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10 July 2003 Following protein association in vivo with fluorescence fluctuation spectroscopy
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The combination of fluorescence correlation spectroscopy and two-photon excitation provides us with a powerful spectroscopic technique. Its submicron resolution and single molecule sensitivity make it an attractive technique for in vivo applications. Experiments have demonstrated that quantitative in vivo fluorescence fluctuation measurements are feasible, despite the presence of autofluorescence and the heterogeneity of the cellular environment. I will demonstrate that molecular brightness of proteins tagged with green fluorescent protein (GFP) is a useful and robust parameter for in vivo studies. Knowledge of photon statistics is crucial for the interpretation of fluorescence fluctuation experiments. I will describe photon counting histogram (PCH) analysis, which determines the molecular brightness and complements autocorrelation analysis. Non-ideal detector effects and their influence on the photon statistics will be discussed. The goal of in vivo fluorescence fluctuation experiments is to address functional properties of biomolecules. We will focus on retinoid X receptor (RXR), a nuclear receptor, which is crucial for the regulation of gene expression. The fluorescence brightness of RXR tagged with EGFP will be used to probe the oligomerization state of RXR.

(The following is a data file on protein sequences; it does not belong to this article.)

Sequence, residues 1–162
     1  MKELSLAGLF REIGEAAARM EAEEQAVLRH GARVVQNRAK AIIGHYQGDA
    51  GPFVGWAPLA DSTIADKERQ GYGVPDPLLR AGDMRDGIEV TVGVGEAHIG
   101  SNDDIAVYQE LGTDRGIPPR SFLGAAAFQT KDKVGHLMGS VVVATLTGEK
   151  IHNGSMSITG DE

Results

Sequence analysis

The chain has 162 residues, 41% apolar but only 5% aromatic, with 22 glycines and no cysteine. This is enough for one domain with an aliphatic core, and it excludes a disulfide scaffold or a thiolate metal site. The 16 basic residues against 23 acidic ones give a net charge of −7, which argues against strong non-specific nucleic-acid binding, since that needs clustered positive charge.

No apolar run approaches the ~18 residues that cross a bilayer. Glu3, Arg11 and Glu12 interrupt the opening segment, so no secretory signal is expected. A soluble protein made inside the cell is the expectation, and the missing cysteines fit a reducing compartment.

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Joachim D. Muller "Following protein association in vivo with fluorescence fluctuation spectroscopy", Proc. SPIE 4963, Multiphoton Microscopy in the Biomedical Sciences III, (10 July 2003);

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